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Am J Kidney Dis. 2007 Sep;50(3):421-32.

Should hemodialysis patients with atrial fibrillation undergo systemic anticoagulation? A cost-utility analysis.

Author information

1
Department of Medicine, Division of Nephrology, Sunnybrook Health Sciences Centre, Toronto, Canada. robert.quinn@sunnybrook.ca

Abstract

BACKGROUND:

Approximately 14% of hemodialysis patients have atrial fibrillation. Hemodialysis patients with atrial fibrillation appear to be at increased risk of both thromboembolic complications and bleeding. Furthermore, there is uncertainty regarding the efficacy of warfarin or acetylsalicylic acid (ASA) therapy for preventing strokes in this subgroup because they were excluded from relevant trials.

STUDY DESIGN:

We performed a cost-utility analysis. Probabilistic sensitivity analysis was used to incorporate parameter uncertainty into the model. Expected value of perfect information and scenario analyses were performed to identify the important drivers of the decision and focus future research.

SETTING & POPULATION:

Base case was a 60-year-old male hemodialysis patient in the United States.

MODEL, PERSPECTIVE, & TIME FRAME:

A Markov Monte Carlo microsimulation model was constructed from the perspective of the health care payer, and patients were followed up during their lifetime.

INTERVENTION:

We compared 3 alternative treatment strategies for permanent atrial fibrillation in hemodialysis patients: warfarin, ASA, or no treatment.

OUTCOMES:

Quality-adjusted survival and cost.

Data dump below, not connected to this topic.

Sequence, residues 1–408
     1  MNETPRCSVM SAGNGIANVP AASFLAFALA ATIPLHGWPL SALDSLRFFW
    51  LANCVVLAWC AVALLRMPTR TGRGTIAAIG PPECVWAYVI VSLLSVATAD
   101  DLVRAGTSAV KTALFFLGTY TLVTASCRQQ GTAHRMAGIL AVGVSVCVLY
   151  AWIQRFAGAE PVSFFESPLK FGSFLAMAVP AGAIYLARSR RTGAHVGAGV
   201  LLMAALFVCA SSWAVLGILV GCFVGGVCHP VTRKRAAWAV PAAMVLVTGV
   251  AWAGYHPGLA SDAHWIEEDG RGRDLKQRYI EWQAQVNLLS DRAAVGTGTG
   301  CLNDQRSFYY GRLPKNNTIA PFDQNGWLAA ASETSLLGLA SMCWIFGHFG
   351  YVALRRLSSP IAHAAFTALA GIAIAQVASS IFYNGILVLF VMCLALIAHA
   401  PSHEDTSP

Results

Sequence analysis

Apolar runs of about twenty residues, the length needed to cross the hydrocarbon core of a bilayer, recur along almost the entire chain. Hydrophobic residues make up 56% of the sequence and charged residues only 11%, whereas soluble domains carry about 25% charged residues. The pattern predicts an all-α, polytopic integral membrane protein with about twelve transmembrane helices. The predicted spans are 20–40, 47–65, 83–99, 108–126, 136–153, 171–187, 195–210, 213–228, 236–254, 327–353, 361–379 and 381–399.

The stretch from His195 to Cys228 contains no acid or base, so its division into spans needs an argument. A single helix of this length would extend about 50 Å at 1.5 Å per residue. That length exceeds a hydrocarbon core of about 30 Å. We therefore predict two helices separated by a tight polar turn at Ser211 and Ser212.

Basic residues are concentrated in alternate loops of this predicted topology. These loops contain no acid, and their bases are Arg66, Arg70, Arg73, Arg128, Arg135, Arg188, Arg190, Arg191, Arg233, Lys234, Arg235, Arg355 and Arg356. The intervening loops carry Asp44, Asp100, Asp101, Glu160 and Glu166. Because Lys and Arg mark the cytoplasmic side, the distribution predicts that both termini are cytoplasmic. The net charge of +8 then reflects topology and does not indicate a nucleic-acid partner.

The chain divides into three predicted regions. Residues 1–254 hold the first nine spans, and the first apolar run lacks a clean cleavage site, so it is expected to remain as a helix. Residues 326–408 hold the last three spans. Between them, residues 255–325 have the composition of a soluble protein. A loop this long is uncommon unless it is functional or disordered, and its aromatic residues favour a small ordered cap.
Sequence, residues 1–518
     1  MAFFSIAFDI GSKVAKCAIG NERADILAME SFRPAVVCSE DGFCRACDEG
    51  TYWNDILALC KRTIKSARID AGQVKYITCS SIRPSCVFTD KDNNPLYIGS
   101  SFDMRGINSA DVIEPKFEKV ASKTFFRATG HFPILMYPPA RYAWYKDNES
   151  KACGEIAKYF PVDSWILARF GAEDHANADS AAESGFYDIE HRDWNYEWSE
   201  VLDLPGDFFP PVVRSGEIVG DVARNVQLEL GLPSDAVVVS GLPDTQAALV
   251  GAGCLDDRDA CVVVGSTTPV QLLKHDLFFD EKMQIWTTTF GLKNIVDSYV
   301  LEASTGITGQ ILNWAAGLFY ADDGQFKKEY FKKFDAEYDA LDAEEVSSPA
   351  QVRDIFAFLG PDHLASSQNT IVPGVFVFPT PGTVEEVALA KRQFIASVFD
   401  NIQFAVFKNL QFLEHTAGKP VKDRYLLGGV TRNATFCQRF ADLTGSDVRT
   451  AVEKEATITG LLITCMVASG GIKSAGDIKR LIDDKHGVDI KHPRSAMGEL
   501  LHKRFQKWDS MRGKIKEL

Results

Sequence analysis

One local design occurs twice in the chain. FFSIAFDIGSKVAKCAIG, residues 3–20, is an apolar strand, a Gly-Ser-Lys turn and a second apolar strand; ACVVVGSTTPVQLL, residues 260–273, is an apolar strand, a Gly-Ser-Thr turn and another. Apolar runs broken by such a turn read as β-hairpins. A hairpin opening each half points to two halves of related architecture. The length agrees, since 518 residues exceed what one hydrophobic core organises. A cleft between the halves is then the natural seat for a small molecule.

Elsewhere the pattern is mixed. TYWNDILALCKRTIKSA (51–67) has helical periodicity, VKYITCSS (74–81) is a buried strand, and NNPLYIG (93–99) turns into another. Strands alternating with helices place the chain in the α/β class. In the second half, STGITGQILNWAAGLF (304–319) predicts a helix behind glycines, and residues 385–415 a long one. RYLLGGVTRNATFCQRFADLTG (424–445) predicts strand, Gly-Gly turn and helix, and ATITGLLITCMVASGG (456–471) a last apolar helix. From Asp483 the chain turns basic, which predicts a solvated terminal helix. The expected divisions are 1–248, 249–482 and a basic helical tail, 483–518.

RESULTS:

ASA and warfarin both prolonged survival compared with no treatment (0.06 and 0.15 quality-adjusted life-years [QALYs], respectively). ASA was associated with an incremental cost-effectiveness ratio of $82,100/QALY. Warfarin provided additional benefits at a cost of $88,400 for each QALY gained relative to ASA. At a threshold of $100,000/QALY, the probabilities that no treatment, warfarin, and ASA were the most efficient therapy were 20%, 58%, and 23%, respectively.

LIMITATIONS:

Parameterization data and costs were taken from US studies and may not be generalizable to other countries. Peritoneal dialysis patients were not included in the analysis.

CONCLUSIONS:

The high future cost of hemodialysis constrains incremental cost-effectiveness ratios to values greater than commonly cited thresholds ($50,000/QALY). Based on available evidence, warfarin appears to be the optimal therapy to prevent thromboembolic stroke in hemodialysis patients with atrial fibrillation. Additional study is required to determine the efficacy of warfarin and risk of bleeding complications in this population so that patients can make a more informed choice.

PMID:
17720521
DOI:
10.1053/j.ajkd.2007.05.019
[Indexed for MEDLINE]
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